(left, Cllr Robert Thompson)
Self-professed ‘richest borough in the universe’ Kensington and Chelsea has refused Labour’s demands to implement the London Living Wage for the fifth time of asking.
Despite massive reserves of £283m, accumulated in part from revenue ‘savings’ across the Council, a meeting of Full Council on 21 January refused once again to adopt what the Mayor of London calls ‘what you need to live on and feed your family’.
Angry scenes between Labour and Conservative Cabinet members included an arrogant statement from Cabinet Members that the Council paid all its direct staff the LLW – ignoring the fact that all low-paid Council staff have now been ‘outsourced’ to private providers in a penny-pinching exercise that has seen some employees barely scratch a living at £6.13/hr minimum wage, while some work long shifts to make up their wages. One worker told us he couldn’t afford the fares to and from work, so walked an hour at the beginning and end of a gruelling eight-hour shift of manual work so he could put food on the family table.
In bizarre scenes reminiscent of feudal times, one senior Conservative stated: ‘Well I haven’t looked this up but I bet some get paid time off to go back to their countries’ – a statement both ignorant of statutory holiday pay, and bordering on racism.
A previous demand in 2012 for a decent wage for a decent day’s work prompted the following tortured statement from the Cabinet Member for Finance: ‘It is the role of the national government, through the social security system, to top up earnings in relation to family circumstances.’
Labour Leader Cllr Emma Dent Coad, seconding the Motion, said: ‘So the Council expects the government to subsidise their contractors offering low pay, while stigmatising those who apply for welfare. A responsible Council would not allow their contractors to reap billions paying poverty wages to our people. The Council’s hypocrisy is breath-taking.’
Cllr Robert Thompson, proposing the Motion, said: ‘More than being good for business, good for families and good for society, the payment of a living wage is fundamentally a moral issue.’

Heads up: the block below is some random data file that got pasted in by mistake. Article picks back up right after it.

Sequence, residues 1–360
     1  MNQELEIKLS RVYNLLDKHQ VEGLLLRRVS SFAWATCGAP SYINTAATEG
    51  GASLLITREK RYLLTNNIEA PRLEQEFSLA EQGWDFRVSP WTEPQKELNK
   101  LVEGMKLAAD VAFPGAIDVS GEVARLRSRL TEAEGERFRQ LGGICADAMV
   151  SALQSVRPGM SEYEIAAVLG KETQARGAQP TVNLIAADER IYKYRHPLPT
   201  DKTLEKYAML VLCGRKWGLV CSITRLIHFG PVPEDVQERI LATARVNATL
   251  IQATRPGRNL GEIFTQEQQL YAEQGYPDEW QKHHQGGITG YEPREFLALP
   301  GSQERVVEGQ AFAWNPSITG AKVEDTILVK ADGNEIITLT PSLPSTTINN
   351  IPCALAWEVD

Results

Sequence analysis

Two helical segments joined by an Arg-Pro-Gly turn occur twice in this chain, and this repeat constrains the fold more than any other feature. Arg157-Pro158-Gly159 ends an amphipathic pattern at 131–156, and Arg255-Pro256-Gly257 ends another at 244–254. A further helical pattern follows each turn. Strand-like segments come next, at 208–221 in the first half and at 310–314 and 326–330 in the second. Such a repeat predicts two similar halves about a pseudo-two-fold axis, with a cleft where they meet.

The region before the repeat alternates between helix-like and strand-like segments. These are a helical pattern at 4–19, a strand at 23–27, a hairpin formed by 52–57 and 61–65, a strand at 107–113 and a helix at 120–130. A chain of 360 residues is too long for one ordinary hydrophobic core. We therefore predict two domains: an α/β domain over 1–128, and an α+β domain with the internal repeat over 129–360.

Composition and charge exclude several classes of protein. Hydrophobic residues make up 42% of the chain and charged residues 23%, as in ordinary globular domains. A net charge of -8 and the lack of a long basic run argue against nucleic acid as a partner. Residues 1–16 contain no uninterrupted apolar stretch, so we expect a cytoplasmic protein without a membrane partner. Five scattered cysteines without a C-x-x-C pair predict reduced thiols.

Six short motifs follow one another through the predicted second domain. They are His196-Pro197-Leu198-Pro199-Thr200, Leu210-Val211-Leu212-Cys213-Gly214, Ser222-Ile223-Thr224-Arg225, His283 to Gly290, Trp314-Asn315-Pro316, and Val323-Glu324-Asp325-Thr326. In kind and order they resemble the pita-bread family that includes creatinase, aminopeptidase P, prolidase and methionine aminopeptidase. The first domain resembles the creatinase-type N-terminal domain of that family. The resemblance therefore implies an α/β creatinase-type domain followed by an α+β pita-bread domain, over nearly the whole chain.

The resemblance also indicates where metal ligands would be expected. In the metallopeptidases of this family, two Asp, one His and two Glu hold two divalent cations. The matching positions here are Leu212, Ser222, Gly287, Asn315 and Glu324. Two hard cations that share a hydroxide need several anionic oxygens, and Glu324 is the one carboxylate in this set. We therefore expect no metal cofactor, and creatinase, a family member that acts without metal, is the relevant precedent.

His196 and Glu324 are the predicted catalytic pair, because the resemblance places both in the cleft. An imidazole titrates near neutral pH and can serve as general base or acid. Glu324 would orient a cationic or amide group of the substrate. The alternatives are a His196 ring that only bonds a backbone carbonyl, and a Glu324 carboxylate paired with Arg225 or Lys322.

THE OPERA THEY COULDN’T GIVE AWAY
(left, it’s a stick-up)
Scandal-riddled Opera Holland Park is being ‘let off’ from making essential improvements while it is in the process of ‘potential externalisation’. The loss-making opera – the only civic-run opera in the country – is run by the Royal Borough of Kensington and Chelsea who underwrite their losses. These have amounted to a staggering £6.6m since 2001, against revenue expenditure of nearly £30m in the same period, plus capital investment of over £2m. In 2009-10 alone the opera lost the Council nearly £1m, and it is only the current modest annual sponsorship deal that brings it below that figure every year.
The latest outrage has seen the organisation refusing to implement some improvements that were proposed after an Internal Audit in 2013. Auditors gave the organisation a ‘Limited Assurance Report’, demanding that various improvements be made, including: drafting clear procedures and guidance notes; delivering transparent financial accounting; having a transparent tendering process for the residential orchestra and costume suppliers; maintaining an inventory; maintaining a hospitality register stating outcomes and registering resultant donations, plus controlling the use and number of complimentary tickets; agreeing guidance for appropriate use of purchase cards, and retaining full VAT receipts; ensuring staff are eligible to work in the UK; and regularising employee contracts.
The Audit was conducted soon after the Council failed in its first attempt in 2012 to off-load responsibility for the opera by handing it over to a controlling group to run it as a mutual. The current attempt goes a step further, by offering £5m to take it away!
Labour Group Leader Cllr Emma Dent Coad said: ‘It beggars belief that a non-viable organisation funded and run by the Council has such poor accounting and control systems. It is indefensible and frankly shocking that staff are refusing to implement proper standards demanded by Auditors because they are waiting for a further bail-out. No voluntary organisation in receipt of Council funds would get away with such conduct. The Council must set aside their plan to give a dowry of £5m to off-load this financial black hole, let OPH have a dignified demise, and instead use these funds to protect frontline services that people need. This would also save the ‘backroom costs’ that have reached £412,000/year, which is more than the sum the Council says it cannot find to continue to provide Play Services that enable low-income working families to work full-time.’